Manish Khaitan

Single port Bariatric Surgeries

Traditional laparoscopic surgeries use a telescopic rod attached to a video camera called a laparoscope, which is inserted through a small incision. Apart from this, 3 to 5 additional small cuts are made to insert the other surgical instruments to perform the surgery.

However, single-incision laparoscopy surgery (SILS) is a revolutionary minimally invasive surgical procedure conducted through a single incision. It provides a better cosmetic outcome, as a small incision is made through the patient’s navel or belly button, resulting in an almost scar less outcome.

Indications

Most patients who are good candidates for laparoscopic surgery are eligible for single-port procedures. Some of the surgeries that single incision laparoscopy is indicated for include cholecystectomy (removal of gall bladder), appendectomy (removal of appendix), splenectomy (removal of spleen), hepatectomy (removal of liver) and adrenalectomy (removal of adrenal glands). SILS can also be used for diagnostic purposes.

However, patients who have previously undergone multiple major surgeries to the abdominal region and those who are morbidly obese are not considered for SILS.

Procedure

Single Incision Laparoscopy is usually performed as day surgery either in the hospital or outpatient surgery centre under general, regional, or occasionally local anaesthesia depending on the type of procedure performed and the surgeon’s preference.

The patient is made to lie down in a tilted position so that the feet are placed higher than the head. The surgeon makes a single incision of about 3/4th of an inch at the belly button and injects a harmless gas to expand the area and obtain a clear view of the operative site. A tube called a trocar or port is placed through the incision, through which the laparoscope (a narrow telescope having a light source and camera) and tiny surgical instruments are inserted. The laparoscope guides your surgeon with images of the abdominal contents that can be viewed on a large screen. Once the diseased organ is excised, your surgeon removes the instruments, releases the gas, and closes the incision with a small bandage.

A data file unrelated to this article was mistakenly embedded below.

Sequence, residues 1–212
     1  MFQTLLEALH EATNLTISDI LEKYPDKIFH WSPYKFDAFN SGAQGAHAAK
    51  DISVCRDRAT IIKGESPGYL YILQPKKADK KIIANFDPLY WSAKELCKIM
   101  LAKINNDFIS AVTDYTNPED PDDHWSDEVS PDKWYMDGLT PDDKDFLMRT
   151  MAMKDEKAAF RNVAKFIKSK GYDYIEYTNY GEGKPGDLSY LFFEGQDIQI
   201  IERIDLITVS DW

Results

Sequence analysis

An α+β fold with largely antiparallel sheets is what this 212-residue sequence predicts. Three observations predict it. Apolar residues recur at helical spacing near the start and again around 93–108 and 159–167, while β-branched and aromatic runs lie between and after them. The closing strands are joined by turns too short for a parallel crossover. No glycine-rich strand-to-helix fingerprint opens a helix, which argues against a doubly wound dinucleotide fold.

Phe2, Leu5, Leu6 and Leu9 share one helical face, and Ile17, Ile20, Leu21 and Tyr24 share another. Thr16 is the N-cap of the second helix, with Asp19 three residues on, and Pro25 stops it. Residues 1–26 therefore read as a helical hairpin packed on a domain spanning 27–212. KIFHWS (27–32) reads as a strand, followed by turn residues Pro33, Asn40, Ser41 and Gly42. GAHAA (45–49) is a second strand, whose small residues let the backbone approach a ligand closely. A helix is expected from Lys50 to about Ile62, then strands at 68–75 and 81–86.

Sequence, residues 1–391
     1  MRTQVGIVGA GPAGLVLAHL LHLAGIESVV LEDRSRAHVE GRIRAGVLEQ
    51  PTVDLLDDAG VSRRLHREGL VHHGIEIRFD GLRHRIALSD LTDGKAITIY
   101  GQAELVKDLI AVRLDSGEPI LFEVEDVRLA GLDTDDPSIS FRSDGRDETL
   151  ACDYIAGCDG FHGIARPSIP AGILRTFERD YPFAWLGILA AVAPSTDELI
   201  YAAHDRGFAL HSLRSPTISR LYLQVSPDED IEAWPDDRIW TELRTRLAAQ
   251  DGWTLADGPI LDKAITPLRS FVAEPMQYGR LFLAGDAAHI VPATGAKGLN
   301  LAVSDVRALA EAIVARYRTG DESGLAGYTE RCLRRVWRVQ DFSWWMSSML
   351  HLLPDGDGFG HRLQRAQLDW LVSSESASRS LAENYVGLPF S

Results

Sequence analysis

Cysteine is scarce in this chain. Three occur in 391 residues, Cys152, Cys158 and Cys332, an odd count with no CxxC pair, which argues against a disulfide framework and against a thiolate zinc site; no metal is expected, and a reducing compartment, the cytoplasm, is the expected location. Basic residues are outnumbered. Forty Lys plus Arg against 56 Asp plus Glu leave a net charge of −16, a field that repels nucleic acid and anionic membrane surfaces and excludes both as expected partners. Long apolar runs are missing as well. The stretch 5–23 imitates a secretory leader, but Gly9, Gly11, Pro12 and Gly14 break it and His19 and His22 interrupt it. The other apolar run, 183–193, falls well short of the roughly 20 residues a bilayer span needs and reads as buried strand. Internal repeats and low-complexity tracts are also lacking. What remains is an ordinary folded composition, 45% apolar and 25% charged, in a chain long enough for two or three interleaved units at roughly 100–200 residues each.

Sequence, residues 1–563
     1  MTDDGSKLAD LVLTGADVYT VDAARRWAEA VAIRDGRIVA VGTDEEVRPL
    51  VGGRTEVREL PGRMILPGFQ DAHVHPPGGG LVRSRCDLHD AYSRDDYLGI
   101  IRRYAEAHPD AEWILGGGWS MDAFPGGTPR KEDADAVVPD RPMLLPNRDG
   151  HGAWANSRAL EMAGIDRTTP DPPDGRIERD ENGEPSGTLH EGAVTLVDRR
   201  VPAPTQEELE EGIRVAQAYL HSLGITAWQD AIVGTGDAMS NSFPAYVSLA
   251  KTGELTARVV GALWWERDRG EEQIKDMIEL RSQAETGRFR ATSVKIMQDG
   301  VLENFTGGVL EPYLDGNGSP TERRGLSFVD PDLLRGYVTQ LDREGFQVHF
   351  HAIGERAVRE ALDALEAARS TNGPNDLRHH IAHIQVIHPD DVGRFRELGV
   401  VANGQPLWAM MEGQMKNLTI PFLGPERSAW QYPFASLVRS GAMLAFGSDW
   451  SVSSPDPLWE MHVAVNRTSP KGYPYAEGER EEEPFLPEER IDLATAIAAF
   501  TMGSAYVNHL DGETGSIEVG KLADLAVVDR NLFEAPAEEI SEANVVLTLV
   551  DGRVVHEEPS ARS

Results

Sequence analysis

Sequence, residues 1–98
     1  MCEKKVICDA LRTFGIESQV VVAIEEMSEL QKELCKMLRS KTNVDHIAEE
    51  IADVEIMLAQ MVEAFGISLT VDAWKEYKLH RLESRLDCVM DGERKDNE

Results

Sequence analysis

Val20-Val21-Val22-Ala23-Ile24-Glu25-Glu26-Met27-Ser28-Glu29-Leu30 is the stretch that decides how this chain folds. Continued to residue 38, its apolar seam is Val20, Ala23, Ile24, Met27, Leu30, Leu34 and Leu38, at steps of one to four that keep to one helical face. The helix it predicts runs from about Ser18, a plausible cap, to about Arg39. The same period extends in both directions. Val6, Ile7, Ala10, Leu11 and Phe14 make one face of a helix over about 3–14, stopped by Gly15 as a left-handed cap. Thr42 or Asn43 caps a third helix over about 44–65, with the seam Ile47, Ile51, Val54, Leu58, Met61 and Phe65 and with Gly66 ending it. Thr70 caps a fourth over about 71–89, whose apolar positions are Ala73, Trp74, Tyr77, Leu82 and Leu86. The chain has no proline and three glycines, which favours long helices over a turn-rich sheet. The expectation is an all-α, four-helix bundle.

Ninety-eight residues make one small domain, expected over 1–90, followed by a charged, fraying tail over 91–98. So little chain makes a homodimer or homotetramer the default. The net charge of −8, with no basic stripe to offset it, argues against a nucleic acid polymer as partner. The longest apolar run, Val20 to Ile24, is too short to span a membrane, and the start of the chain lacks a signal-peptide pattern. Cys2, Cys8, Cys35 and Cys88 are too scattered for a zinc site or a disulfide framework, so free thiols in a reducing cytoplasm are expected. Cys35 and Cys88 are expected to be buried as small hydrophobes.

Recovery

Common post-operative guidelines following Single Incision laparoscopy include the following:

  • You will need someone to drive you home after you are released as the anaesthesia may make you feel groggy and tired.
  • Do not remove the dressing over the incision for the first two days and keep the area clean and dry. No showering or bathing during this time.  The incision usually heals in about 5 days.
  • Your surgeon may give you activity restrictions such as no heavy lifting. It is very important that you follow your surgeon’s instructions for a successful recovery.
  • You may feel soreness around the incision area. Your surgeon may give you a prescription pain medicine or recommend NSAID’s (non-steroidal anti-inflammatory drugs) for the first few days to keep you comfortable.
  • If the abdomen was distended with gas, you may experience discomfort in the abdomen, chest, or shoulder area for a couple days while the excess gas is being absorbed.

Contact your doctor immediately if you have a fever, chills, increased pain, bleeding or fluid leakage from the incisions, chest pain, shortness of breath, leg pain, and or dizziness.

Risks and complications

As with all surgical procedures, SILS can be associated with certain risks and complications such as infections, blood loss, nerve damage and allergic reactions to medications, although these are rare. Contact your doctor immediately if you have a fever, chills, increased pain, bleeding or fluid leakage from the incision, chest pain, shortness of breath, leg pain, and or dizziness.

Benefits

Several benefits account for the increasing popularity of SILS when compared to conventional laparoscopy. These include:

  • Speedy recovery
  • Reduction in post-operative infections and pain
  • Reduction in the duration of hospital stay
  • Smaller or no visible scar

 

 

 

 


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